(Bloomberg) -- British politicians of all stripes -- from Tory leadership contenders Boris Johnson and Jeremy Hunt to Labour Party leader Jeremy Corbyn -- defended freedom of the press after the Metropolitan Police said journalists could face prosecution if they published more leaked diplomatic cables.

Police have opened a criminal investigation into how messages from Kim Darroch, the U.K.’s now-former ambassador to the U.S., wound up in the Mail on Sunday last weekend. Further documents could potentially remain in circulation, the police said.

Fallout from the leaked information has stoked tensions -- already high because of Brexit -- within the U.K. government. Even before the Mail’s report on Darroch, which led to his resignation three days later, the government had been weakened by leaks. Gavin Williamson was fired as defence secretary in May because Prime Minister Theresa May blamed him for the leak of confidential documents related to Huawei Technologies’s involvement in Britain’s 5G communications network.

The controversy over Darroch’s cabled comments -- criticizing the Trump administration as “inept” and “dysfunctional” -- became a key element of the latest jousting between Johnson and Hunt for the Tory crown. Johnson declined to support the ambassador in a TV debate, prompting Hunt to say it showed Johnson wouldn’t face up to the U.S. president if he becomes premier.

Johnson, favored to beat Hunt to the premiership in this month’s vote, said the issues surrounding Darroch’s emails were embarrassing rather than a threat to national security. His opponent backed the police probe of the leak but also supported the right of the press to publish.

Opposition party leader Corbyn joined to support the media.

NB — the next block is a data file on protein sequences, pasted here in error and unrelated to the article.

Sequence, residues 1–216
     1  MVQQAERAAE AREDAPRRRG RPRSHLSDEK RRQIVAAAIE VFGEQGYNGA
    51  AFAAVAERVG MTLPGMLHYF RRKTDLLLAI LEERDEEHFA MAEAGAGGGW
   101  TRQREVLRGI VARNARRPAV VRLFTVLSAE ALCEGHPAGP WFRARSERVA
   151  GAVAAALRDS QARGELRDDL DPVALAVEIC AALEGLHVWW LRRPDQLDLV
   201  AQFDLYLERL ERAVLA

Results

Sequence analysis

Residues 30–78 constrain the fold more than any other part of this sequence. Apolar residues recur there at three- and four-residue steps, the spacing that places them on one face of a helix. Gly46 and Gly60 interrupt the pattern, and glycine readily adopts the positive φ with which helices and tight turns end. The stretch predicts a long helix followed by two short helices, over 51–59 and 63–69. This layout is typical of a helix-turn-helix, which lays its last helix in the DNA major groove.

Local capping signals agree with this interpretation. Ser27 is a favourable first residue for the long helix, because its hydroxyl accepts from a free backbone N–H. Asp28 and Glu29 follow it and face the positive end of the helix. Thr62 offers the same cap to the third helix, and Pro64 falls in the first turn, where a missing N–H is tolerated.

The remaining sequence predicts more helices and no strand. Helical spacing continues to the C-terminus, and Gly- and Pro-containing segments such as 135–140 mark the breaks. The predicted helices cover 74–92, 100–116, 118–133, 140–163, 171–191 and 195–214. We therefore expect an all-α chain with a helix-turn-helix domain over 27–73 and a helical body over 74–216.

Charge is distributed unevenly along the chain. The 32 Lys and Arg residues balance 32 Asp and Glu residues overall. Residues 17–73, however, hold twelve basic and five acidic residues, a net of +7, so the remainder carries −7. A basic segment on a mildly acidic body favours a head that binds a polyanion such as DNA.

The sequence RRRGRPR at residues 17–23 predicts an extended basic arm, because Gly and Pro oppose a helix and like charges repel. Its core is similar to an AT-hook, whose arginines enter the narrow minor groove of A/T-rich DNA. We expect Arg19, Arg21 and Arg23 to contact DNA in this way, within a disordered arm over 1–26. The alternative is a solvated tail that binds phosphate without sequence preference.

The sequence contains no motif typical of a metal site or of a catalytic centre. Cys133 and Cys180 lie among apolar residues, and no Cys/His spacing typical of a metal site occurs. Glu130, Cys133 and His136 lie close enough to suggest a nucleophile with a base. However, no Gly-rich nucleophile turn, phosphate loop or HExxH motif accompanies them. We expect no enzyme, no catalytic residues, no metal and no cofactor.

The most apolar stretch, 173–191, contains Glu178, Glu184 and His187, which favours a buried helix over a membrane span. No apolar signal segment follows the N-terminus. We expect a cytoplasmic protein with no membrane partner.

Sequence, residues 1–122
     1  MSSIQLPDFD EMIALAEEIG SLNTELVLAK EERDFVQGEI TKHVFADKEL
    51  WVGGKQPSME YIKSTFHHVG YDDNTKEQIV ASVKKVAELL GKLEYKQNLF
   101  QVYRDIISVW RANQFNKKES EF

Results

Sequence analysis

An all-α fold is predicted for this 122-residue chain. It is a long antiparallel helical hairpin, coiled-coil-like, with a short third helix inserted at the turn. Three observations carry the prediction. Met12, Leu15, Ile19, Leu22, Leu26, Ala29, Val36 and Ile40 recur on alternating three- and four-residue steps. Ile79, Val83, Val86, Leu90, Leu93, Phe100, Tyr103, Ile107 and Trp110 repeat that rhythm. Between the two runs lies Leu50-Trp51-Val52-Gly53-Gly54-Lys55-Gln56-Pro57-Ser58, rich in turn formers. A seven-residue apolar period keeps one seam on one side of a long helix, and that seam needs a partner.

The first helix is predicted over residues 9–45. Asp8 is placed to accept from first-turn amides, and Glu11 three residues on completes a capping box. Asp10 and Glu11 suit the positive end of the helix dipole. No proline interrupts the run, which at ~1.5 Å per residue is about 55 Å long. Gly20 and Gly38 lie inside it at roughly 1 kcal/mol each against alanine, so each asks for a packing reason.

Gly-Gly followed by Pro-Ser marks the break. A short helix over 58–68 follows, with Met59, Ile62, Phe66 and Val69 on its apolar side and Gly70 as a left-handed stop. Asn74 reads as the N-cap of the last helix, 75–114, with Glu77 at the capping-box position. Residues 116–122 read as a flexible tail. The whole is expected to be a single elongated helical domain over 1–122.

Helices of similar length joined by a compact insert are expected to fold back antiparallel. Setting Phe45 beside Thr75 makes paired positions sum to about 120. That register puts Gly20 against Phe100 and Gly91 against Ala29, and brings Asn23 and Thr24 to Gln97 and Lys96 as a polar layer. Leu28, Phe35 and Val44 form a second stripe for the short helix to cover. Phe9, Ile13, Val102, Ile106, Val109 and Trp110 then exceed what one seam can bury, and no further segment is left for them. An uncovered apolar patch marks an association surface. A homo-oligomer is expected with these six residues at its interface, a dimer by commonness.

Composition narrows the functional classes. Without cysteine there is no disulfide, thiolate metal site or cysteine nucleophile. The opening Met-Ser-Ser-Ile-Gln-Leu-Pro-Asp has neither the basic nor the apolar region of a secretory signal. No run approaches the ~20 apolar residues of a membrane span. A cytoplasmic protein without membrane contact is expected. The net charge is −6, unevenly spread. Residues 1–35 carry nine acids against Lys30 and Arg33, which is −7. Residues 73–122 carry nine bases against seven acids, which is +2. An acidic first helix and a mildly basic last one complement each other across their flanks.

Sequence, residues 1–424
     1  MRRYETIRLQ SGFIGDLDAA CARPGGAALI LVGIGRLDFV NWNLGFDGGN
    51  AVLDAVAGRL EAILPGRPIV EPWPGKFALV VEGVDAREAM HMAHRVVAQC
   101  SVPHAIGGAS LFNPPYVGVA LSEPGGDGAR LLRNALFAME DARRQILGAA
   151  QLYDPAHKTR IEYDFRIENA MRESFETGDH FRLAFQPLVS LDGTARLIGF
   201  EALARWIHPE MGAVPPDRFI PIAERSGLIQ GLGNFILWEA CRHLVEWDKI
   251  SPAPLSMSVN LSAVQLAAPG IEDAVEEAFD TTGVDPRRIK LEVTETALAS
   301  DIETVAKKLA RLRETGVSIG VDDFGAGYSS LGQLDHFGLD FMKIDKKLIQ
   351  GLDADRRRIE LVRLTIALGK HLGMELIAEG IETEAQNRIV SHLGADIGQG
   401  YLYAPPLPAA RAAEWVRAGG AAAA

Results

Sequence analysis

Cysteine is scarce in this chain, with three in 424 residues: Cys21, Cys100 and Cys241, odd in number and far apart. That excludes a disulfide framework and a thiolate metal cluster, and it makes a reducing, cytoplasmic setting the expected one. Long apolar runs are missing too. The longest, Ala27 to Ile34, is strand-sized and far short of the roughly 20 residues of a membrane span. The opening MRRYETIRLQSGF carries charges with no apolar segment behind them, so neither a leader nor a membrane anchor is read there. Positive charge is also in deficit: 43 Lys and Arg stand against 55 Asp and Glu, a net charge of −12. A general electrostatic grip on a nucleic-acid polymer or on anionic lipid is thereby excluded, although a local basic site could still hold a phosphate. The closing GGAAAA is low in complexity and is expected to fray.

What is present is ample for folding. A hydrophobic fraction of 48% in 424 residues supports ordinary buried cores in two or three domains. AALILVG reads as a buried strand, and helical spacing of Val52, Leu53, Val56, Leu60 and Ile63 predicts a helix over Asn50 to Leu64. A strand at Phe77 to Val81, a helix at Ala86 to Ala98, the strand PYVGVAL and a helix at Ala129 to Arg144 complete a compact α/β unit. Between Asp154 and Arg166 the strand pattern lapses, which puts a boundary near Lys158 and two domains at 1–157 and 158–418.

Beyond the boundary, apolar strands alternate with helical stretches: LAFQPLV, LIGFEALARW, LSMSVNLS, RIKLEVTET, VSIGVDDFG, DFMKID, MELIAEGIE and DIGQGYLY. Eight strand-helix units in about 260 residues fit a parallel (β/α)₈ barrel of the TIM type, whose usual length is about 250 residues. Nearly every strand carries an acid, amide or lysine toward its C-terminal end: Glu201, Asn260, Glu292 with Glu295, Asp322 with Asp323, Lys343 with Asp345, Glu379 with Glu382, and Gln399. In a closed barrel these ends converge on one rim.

“Freedom of the press is vital, of course,” Corbyn said. “There are rules around that, and there are considerable protections for journalists who do reveal things and that, of course, is the right thing to do.”

The political backlash prompted the police to moderate its message slightly. In a Friday statement, Assistant Commissioner Neil Basu advised all media not to publish leaked official documents and to hand them over to the police or back to the government, or face prosecution under the Official Secrets Act.

By Saturday, Basu said the police had “no intention of seeking to prevent editors from publishing stories in the public interest in a liberal democracy.”

“However, we have also been told the publication of these specific documents, now knowing they may be a breach of the OSA, could also constitute a criminal offence and one that carries no public interest defence.”

To contact the reporter on this story: James Ludden in New York at jludden@bloomberg.net

To contact the editors responsible for this story: Matthew G. Miller at mmiller144@bloomberg.net, Steve Geimann

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